In the early 1980s, crimes of speculation accounted for only 2 percent of all reported crimes. According to one estimate, the actual amount of speculation was a hundred times great. In retrospect, few other mistakes of the Soviet leadership did so much harm as the indifference toward illegal economic activity.

Whatever small and temporary benefits Soviet society may have reaped from the second economy, the costs far outstripped them. Most important, the second economy damaged the first economy. If the second economy satisfied some consumer appetites and deflected some discontent, it simultaneously stimulated these appetites and increased discontent....Moreover, the larger the illegal economy became, the more it interfered with the performance of the legitimate economy. Since the second economy involved stealing time and material from the socialist sector, it impaired socialism's efficiency....Furthermore, the second economy undermined economic planning. if an enterprise compensated for a misallocation of resources by resorting to informal purchases or trades, the planners had no reason to correct future allocations.


How did the second economy influence the Communist Party? In one word, the answer was corruption....The peasantry that provided a class basis for Bukharin's ideas did not require the corruption of the Party for its existence, but the entrepreneurs of the second economy did. Simply put, to exist and thrive, illegal producing and selling required the bribery of some Party and state officials, and the more organized and widespread this producing and selling became, the more corruption they required.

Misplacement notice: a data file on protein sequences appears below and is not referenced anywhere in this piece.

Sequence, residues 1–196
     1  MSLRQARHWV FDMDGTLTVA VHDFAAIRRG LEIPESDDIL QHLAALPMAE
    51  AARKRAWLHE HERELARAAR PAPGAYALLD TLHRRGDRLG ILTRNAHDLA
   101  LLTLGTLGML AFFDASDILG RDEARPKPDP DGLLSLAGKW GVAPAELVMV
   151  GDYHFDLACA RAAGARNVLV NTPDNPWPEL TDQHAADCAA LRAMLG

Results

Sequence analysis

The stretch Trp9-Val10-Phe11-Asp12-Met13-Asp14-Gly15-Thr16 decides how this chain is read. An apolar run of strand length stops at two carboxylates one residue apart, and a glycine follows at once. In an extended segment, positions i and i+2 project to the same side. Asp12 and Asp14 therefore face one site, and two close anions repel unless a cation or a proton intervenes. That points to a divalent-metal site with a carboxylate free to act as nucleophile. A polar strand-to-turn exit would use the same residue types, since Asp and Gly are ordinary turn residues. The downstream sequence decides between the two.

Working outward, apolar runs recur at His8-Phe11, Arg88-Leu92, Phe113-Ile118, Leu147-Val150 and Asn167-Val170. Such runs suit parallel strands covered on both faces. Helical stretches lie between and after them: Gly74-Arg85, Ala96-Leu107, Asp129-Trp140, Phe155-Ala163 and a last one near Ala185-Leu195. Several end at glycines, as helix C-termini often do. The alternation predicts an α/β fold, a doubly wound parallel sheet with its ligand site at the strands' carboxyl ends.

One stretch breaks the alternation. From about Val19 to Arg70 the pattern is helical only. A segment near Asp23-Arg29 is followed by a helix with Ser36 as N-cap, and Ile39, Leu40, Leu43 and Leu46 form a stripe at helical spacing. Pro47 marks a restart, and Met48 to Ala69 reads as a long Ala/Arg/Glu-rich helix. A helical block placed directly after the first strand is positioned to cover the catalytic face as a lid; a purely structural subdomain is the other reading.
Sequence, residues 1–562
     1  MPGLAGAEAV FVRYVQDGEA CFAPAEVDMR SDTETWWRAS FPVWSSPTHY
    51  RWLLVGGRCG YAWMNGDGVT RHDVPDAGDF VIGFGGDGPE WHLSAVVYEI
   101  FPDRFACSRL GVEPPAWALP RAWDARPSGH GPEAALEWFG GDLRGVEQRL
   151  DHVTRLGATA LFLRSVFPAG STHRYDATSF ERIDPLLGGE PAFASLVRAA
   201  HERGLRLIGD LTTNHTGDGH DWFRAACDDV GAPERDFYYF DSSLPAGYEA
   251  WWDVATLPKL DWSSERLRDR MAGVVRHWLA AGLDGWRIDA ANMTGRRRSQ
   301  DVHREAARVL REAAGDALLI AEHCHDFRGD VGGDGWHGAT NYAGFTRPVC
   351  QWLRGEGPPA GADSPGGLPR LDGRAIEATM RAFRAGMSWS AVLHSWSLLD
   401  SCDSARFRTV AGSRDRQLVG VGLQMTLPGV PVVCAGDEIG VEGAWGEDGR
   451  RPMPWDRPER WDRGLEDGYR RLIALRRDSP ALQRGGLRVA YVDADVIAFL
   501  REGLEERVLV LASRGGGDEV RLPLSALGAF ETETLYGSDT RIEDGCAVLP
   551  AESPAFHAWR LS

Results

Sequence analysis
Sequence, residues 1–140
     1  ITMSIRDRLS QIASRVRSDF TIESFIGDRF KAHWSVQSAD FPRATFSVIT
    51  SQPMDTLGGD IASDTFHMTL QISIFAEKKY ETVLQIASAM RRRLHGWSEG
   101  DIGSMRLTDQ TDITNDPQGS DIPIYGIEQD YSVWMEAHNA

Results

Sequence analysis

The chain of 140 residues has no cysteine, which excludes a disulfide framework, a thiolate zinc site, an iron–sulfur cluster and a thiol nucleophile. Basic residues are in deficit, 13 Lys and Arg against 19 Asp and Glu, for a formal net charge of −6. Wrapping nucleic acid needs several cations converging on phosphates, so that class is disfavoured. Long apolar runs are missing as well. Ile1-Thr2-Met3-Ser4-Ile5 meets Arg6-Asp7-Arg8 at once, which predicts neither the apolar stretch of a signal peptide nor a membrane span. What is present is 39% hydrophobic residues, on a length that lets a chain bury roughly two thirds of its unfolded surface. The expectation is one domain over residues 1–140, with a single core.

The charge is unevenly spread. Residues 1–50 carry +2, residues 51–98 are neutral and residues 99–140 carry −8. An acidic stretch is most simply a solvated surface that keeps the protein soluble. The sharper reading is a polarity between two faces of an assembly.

Pictured: The second economy of the USSR

This caused perestroika to take on a distinctly pro-capitalist political and class character. The policy of slashing state orders by 50% (encouraged by the right-opportunist academics mentioned before), caused inflation to rise by 80% and created incentive to hoard. Instead of using central planning, Gorbachev redefined the role of ministries as "developing enterprise autonomy".

As perestroika failed in one sphere, the damage rippled in all directions. Starting in 1988, economic hardship and separatism reinforced each other. As consumer shortages worsened in 1988, the tendency for various republics to hoard production and to go it alone increased. The USSR planned economy had developed as a single grid with a precise division of labor and specialization among republics. For example, one industrial complex in the Baltic region supplied paper cups for the USSR....The economic disorder and uncertainty field separatist fires, as each union republic sought to protect its economic interests as best it could.

Gorbachev's opportunism wasn't just a domestic policy, it was the basis of his foreign policy as well. He capitulated in nuclear arms talks, slashed $5 billion in aid to Cuba, betrayed Nicaragua and South Africa's anti-apartheid movement, all in the name of appeasing imperialism.

The events of August 1991 are especially critical. A group of Soviet leaders dedicated to keeping socialism intact formed the State Committee for the State of Emergency. Gorbachev supported the state of emergency in its early stages, and the SCSE sent troops and tanks into Moscow. They made a declaration to the Soviet people that they would stop the theft of the people's wealth which was causing the severe drop in the quality of life of the overwhelming majority of the population. This wasn't a coup, this was a declaration of a State of Emergency that had the support of 70% of local officials in the Russian Republic according to Yeltsin's own team.